Why does my newly released assessed value not reflect the value of my house today?
On a yearly basis, all communities in the Commonwealth of Massachusetts must adjust and respond to the sales data from the previous year. The Department of Revenue requires that a full year of sales data be analyzed. With valuation approval required by December of each year, sales from the previous year are required. Therefore, an assessed value is a historical value and not a current market value.
What if I disagree with the assessed valuation of my home?
Every taxpayer has the right to file an application for abatement on the value of their house. An application for abatement is a request for the office to review the value of a property. The taxpayer must file this application between the date when the bills are first mailed, sometime in late December, and the date of the first actual tax bill, February 1st. The Assessor’s Office will fully inspect your property and then review the value which was committed. If the property is determined to be overvalued, a refund will be issued to the taxpayer. The office has up to 90 days to act on your application.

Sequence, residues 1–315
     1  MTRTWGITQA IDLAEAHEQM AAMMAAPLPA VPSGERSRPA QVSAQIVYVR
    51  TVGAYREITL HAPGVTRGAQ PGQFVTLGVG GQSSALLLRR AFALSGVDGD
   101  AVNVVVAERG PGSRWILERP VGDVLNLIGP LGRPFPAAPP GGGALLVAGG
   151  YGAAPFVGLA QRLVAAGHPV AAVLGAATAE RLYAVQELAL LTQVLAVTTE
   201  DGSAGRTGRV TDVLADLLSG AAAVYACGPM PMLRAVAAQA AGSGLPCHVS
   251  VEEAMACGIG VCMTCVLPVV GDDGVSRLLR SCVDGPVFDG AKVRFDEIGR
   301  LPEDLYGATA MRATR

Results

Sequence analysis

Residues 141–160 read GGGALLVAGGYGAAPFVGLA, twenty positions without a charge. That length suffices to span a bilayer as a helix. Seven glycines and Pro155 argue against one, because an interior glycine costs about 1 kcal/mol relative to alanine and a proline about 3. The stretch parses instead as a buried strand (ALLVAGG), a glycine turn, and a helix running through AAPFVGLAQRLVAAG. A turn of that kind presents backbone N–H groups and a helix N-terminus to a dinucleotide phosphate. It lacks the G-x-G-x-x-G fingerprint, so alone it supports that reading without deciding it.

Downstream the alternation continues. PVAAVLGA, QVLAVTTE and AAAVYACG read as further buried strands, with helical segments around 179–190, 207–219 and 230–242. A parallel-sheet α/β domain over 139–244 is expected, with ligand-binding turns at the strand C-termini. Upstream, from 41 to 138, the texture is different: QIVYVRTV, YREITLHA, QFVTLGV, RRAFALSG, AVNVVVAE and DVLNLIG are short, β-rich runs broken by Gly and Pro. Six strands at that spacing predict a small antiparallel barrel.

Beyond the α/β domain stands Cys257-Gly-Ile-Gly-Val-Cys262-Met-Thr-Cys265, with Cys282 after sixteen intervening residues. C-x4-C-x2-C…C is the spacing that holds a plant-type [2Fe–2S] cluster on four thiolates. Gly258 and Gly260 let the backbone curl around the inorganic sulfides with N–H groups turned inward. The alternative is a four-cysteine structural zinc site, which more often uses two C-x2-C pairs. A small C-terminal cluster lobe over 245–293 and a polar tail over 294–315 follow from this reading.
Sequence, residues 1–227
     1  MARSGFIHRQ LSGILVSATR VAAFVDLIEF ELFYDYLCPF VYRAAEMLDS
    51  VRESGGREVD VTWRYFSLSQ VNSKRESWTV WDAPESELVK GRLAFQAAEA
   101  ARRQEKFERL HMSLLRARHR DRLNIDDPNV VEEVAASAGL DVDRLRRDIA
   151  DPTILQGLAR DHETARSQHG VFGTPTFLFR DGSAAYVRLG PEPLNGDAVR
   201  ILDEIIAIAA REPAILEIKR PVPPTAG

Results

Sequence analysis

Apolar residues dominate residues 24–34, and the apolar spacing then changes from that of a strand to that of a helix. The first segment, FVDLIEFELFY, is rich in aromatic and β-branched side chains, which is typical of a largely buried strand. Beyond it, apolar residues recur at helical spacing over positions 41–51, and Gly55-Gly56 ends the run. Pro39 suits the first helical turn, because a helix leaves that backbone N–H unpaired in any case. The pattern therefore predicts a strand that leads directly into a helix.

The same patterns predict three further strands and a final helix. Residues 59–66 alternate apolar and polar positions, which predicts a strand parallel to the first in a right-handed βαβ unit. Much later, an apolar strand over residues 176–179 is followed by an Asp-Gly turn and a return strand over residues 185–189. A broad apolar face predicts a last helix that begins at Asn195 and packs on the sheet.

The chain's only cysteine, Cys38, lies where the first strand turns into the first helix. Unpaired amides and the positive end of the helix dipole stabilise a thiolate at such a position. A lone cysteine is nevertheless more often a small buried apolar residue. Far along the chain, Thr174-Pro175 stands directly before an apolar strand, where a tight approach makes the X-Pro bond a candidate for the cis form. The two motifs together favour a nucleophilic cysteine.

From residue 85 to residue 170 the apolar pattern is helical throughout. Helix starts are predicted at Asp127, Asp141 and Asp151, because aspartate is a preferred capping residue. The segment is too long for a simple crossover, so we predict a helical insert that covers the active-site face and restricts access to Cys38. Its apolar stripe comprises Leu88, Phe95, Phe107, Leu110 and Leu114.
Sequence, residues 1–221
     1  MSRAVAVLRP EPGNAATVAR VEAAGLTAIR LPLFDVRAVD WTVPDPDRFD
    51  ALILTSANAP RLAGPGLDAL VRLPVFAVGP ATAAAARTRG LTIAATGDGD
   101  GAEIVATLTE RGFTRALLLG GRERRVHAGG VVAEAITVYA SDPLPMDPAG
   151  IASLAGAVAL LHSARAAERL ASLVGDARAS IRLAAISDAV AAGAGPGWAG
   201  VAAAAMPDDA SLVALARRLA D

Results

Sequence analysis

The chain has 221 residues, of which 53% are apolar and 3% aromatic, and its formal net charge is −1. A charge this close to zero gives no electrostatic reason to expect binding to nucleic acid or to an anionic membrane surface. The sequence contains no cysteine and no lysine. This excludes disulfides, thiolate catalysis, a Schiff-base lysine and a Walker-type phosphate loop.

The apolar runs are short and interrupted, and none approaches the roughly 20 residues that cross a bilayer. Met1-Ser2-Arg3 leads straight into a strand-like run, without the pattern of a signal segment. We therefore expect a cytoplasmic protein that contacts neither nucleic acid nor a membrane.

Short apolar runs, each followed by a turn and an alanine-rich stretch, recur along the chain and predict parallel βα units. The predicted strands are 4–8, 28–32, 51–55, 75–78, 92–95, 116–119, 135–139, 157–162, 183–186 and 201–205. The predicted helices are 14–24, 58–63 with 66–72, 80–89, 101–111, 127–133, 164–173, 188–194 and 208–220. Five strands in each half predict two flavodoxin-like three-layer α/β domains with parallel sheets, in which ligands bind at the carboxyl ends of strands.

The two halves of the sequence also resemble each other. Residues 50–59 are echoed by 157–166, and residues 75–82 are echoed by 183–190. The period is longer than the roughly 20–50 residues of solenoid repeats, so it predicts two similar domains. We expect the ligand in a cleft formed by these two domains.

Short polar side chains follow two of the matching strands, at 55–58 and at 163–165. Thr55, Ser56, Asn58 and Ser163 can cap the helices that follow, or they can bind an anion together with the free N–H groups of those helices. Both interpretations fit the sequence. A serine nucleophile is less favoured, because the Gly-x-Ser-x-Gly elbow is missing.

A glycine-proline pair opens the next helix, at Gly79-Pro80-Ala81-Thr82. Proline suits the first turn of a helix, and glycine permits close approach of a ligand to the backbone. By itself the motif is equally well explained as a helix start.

If I do not agree with my assessed value and have filed for abatement, do I have to pay my tax bill?
Yes, in order to successfully appeal your assessed valuation, you must pay all your bills on time without accruing interest. An abatement application can be denied if any interest has been accrued on a tax bill.